STUDY OBJECTIVE--The study was undertaken to identify any relationship between the mortality of frail elderly people living at home and their housing conditions. DESIGN AND SETTING--A cohort of frail elderly people living in Yao City, Osaka Prefecture, Japan was followed for six years. Data on demographic variables, activities of daily living, the disease that was the main cause of the disability, medical treatment, the feasibility of continuing family care, and some housing conditions were collected in December 1983 by interview during home visits. Deaths were checked for each year for five years. SUBJECTS--Altogether 423 people aged 65 years or more living at home in Yao City who were disabled and housebound for at least three months were studied. MEASUREMENTS AND MAIN RESULTS--Life table analysis and multivariate logistic regression analysis were done. The cumulative survival rates of old people with good housing conditions were higher than those with poor housing conditions in each group stratified by age, sex, or the activities of daily living level. The odds ratio for poor housing conditions compared with good housing conditions for five year mortality remained highly significant after adjustment for potential confounding factors including age, sex, and the activities of daily living level by logistic regression analysis. CONCLUSIONS--The mortality of frail elderly people living at home is affected by housing conditions. Programmes to improve housing conditions of the disabled are important for home care of the elderly.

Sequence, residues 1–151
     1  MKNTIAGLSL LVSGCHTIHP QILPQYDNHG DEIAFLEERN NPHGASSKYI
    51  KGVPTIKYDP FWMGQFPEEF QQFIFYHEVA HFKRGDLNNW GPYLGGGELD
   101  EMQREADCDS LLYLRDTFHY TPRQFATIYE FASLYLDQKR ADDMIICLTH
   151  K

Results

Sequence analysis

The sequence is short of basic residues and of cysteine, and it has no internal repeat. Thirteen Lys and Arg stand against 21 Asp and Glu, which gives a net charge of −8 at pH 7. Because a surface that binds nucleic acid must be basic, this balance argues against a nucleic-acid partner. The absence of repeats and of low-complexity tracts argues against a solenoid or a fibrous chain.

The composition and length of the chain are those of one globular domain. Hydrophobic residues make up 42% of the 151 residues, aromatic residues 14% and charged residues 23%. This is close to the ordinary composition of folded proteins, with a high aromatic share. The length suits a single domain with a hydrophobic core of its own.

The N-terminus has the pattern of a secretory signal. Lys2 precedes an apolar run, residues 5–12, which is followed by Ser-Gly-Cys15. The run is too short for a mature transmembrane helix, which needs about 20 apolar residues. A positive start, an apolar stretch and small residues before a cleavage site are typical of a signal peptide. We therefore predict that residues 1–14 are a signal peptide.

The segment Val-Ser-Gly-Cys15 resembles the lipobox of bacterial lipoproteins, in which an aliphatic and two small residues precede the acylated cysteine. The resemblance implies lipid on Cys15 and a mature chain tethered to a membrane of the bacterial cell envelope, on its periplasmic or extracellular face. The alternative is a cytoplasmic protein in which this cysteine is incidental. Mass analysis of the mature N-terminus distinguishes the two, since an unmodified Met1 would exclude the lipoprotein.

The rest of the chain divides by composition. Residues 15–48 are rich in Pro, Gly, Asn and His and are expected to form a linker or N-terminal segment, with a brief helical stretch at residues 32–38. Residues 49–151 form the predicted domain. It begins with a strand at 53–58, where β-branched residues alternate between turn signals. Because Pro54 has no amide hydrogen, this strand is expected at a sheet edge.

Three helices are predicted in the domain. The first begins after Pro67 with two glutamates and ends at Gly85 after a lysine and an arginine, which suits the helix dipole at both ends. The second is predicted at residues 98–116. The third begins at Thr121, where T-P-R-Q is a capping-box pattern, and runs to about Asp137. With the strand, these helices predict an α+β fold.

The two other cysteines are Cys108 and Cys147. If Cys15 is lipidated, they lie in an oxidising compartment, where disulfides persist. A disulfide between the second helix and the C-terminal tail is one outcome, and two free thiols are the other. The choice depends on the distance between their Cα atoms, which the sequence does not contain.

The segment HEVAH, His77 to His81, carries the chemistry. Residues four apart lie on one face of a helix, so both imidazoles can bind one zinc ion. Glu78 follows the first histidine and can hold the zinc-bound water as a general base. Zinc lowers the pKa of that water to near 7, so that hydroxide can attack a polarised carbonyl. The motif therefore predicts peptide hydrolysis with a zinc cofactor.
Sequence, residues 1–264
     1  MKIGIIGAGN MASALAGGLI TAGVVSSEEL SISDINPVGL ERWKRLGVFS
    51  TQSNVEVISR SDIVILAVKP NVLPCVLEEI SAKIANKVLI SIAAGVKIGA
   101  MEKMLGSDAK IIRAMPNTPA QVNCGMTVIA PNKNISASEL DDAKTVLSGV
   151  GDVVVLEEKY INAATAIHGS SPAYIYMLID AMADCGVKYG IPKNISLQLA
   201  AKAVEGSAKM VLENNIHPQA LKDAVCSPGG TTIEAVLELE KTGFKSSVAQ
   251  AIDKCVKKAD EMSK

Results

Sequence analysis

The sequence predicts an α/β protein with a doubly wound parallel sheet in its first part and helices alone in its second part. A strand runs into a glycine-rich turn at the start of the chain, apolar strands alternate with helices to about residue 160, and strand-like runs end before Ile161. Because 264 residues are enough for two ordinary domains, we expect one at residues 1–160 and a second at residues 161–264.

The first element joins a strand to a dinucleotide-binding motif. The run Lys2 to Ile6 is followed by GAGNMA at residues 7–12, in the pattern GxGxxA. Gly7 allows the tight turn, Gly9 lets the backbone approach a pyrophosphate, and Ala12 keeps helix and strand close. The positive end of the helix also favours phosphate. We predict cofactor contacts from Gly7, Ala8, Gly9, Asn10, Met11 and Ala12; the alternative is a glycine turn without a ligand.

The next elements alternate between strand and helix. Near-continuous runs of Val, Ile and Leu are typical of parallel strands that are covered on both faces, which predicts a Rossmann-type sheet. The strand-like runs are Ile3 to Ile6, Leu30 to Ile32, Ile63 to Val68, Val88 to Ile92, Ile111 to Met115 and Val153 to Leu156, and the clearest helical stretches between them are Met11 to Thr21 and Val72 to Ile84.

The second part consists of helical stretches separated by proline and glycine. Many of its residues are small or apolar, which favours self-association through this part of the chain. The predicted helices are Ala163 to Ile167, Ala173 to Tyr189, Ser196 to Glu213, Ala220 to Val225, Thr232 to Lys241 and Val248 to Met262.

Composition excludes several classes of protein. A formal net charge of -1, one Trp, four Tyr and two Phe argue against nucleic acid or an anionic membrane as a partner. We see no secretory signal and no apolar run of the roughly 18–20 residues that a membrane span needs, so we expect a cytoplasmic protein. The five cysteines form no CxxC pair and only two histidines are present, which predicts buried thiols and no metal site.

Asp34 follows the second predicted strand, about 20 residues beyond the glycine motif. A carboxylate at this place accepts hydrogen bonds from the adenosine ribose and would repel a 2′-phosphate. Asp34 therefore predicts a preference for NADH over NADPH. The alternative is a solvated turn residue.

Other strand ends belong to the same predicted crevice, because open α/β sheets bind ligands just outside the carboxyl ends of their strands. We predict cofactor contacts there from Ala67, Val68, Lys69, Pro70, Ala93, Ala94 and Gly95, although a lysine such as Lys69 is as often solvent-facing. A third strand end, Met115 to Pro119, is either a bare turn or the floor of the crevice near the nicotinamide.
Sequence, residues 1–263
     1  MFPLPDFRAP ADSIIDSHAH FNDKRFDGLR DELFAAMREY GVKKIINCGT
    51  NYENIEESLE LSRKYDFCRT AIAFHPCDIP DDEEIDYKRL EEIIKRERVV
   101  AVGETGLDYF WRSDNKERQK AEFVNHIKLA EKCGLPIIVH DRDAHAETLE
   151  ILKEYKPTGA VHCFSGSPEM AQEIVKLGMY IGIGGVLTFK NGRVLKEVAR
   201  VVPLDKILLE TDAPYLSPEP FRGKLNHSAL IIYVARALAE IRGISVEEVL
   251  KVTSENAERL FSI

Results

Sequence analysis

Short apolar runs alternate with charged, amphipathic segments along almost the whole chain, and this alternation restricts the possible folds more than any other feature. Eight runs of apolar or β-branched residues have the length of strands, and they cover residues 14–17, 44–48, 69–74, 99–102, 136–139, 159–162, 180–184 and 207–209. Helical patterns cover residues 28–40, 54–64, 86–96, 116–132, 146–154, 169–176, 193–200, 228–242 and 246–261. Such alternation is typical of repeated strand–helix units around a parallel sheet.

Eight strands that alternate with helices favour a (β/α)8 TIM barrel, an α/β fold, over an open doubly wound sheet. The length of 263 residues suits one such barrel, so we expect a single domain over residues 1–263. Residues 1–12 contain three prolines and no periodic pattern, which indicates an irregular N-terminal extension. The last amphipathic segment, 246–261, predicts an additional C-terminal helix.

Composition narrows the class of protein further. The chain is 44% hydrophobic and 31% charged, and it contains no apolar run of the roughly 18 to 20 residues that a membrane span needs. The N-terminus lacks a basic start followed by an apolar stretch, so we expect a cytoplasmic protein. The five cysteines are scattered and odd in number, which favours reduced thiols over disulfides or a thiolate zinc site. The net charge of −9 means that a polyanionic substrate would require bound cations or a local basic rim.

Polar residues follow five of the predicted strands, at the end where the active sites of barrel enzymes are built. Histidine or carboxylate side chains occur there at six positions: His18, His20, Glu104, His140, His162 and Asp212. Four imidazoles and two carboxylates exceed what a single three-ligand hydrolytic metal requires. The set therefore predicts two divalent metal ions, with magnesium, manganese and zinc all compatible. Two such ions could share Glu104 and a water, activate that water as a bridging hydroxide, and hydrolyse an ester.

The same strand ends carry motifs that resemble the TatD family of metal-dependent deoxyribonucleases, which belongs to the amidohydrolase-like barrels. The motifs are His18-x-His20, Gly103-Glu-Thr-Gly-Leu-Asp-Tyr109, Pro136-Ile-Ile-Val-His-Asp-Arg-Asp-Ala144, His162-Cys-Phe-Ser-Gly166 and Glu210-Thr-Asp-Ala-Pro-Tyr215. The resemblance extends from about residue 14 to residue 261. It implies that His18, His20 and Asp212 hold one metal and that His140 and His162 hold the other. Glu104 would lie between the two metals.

Statistics from Altmetric.com
If you wish to reuse any or all of this article please use the link below which will take you to the Copyright Clearance Center’s RightsLink service. You will be able to get a quick price and instant permission to reuse the content in many different ways.